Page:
30 days of blogging summary

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I did it.

Every year I say I'm going to blog more and I never do. This was the kick up the butt that get me going.

Here's a table with some numbers in it:

Total word count 13,118
Unique visitors 6,626

I wrote more words in 30 days than in the entirety of 2019. Daily traffic increased by around 10%, although I don't sell ads so visitor counts are mostly for vanity.

The three most popular articles were:

  1. Writing a Leanpub book with Emacs
  2. My nineties development setup
  3. Eight years of Beeminder

All three of these got picked up by different places: my Leanpub post ended up on irreal.org (which spread it to other places), the post about my dev setup got retweeted by some large Atari accounts, and my post about Beeminder was retweeted by the official Beeminder account.

Getting linked to by other places was a nice surprise, but there were some other effects that I never expected:

  • I got some stickers and a wonderful hand-written note from the team at Beeminder.
  • Two very, very old "games" that I wrote for the Atari ST ended up on AtariMania (Shining Online and Sonic's Adventure).
  • Stranger still, petsasjim1 on YouTube posted some gameplay videos of both games.

Seeing somebody demoing games I wrote when I was a teenager was not something I ever expected. I can't say I enjoyed watching - it's a bit like someone critiquing art I drew in primary school - but it has given me the motivation to make something that's actually worth playing.

Thoughts on the experience

  • At the start I would write articles the day before they were due to be published, but as time went on this slipped. A few got published quite late in the evening on the day they were due.
  • Writing a day in advance was more relaxing, and I could afford to throw out a few ideas before settling on what was published.
  • Having a Beeminder goal to bill me when I miss a post without mercy worked really well. I don't think this goal would have been as effective if I'd configured it to include a week off when I derail.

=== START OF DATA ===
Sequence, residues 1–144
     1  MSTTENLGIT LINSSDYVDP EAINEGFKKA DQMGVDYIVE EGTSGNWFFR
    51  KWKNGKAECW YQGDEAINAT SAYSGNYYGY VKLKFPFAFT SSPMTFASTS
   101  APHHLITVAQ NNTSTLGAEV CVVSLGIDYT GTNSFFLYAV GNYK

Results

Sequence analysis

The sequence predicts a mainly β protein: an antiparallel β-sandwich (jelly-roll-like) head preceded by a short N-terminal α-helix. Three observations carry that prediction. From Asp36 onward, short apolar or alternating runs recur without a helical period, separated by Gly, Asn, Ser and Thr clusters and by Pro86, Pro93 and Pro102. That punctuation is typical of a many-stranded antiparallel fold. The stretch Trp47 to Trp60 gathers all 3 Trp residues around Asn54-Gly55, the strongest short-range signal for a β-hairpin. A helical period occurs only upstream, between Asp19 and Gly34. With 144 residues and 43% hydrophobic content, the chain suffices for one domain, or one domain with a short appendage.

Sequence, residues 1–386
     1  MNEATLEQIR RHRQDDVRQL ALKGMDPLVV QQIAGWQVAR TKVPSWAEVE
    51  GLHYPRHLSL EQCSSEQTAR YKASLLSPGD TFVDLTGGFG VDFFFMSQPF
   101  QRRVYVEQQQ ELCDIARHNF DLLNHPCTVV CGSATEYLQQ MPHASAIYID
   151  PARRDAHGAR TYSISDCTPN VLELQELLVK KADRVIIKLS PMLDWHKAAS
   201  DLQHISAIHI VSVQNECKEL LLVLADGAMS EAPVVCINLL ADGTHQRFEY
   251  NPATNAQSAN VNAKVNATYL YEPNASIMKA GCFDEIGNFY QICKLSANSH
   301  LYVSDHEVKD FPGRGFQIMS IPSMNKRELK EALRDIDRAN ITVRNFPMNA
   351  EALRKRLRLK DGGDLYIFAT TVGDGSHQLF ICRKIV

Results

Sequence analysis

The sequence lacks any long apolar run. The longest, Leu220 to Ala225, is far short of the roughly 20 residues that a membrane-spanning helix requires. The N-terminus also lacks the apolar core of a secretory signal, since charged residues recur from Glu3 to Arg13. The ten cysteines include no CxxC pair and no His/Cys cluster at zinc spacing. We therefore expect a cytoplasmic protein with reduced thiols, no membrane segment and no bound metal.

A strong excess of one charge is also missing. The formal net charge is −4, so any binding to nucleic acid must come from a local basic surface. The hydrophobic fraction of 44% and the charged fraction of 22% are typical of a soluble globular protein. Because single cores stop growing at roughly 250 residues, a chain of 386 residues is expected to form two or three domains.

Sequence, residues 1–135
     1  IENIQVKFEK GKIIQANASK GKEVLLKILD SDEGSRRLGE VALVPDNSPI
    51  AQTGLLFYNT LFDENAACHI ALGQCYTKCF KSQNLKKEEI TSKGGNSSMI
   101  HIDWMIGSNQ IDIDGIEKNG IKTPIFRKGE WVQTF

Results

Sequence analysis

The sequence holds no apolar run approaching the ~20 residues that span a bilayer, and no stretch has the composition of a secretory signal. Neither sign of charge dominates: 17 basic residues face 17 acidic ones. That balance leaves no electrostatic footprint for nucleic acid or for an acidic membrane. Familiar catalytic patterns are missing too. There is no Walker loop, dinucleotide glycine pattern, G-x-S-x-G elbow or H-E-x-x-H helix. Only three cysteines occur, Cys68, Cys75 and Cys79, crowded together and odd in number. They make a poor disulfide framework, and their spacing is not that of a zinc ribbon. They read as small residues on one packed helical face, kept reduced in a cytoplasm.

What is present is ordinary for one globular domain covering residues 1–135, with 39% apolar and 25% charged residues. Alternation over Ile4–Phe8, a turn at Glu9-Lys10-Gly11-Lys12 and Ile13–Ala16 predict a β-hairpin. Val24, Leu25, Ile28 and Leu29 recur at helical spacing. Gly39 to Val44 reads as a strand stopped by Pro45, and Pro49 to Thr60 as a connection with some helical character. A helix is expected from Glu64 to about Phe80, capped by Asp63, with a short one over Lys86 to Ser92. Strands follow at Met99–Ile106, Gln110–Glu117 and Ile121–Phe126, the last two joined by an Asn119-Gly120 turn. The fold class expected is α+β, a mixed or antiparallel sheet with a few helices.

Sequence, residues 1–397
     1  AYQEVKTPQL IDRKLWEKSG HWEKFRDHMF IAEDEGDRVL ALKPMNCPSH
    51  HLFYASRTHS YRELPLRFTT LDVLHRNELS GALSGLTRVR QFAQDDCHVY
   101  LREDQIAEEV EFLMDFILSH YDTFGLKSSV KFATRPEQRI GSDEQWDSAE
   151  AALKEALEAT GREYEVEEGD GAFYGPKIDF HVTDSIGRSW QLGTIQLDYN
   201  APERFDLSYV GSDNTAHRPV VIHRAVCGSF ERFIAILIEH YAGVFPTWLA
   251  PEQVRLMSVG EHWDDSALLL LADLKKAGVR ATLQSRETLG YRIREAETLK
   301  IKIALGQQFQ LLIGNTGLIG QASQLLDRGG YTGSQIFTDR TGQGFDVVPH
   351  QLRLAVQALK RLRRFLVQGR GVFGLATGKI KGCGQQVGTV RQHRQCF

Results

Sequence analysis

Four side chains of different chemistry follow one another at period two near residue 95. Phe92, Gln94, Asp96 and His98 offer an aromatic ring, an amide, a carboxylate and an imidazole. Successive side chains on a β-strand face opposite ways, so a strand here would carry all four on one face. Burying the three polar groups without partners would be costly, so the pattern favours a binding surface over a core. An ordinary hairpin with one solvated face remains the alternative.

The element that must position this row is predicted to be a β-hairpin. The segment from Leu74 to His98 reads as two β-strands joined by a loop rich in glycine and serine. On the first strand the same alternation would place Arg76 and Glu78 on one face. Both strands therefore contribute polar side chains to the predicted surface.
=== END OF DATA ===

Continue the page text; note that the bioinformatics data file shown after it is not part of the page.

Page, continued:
• The longer my posting streak went on, the more I was motivated to keep it going.
  • Giving myself a deadline encouraged me to publish some articles that I probably would have left otherwise.
  • I'm not 100% happy with everything that I wrote. Some posts were a little scrappy and would have benefited from an extra day or two of time.
  • Keeping notes in an easily accessible place came in handy when I needed some inspiration.
  • Posting links on Twitter generated some interest, but I don't like just linking to my own content. I think to really get more out of the platform I'd need to put time into building an audience and sharing shorter bits of content throughout the day/week.
  • Articles about my workflow were much more popular than my introspective writing (which I expected).

Overall I enjoyed the experiment. Regular writing was quite enjoyable - if challenging at times - and now that it's over I want to make some changes to my blogging routine. I don't plan on publishing every day, but a few times a week might be the sweet spot for me.


Finding fun in forty-eight hours

Ten years ago I entered my first game jam. I made my first ever Flash game, "Monster Mash", which involved running around a small RPG map and smashing into enemies. It wasn't particularly good, but it was playable. The whole game was created and released in under 48 hours.

Since then I've entered a number of game jams. Some went well (Splodey Boats) and some did not (Ludum Dare #27). I also tried One Game a Month for a few years; although they didn't go quite as well as weekend jams, I was still able to release a couple of fun games.

How many games have I made recently outside of game jams? Zero.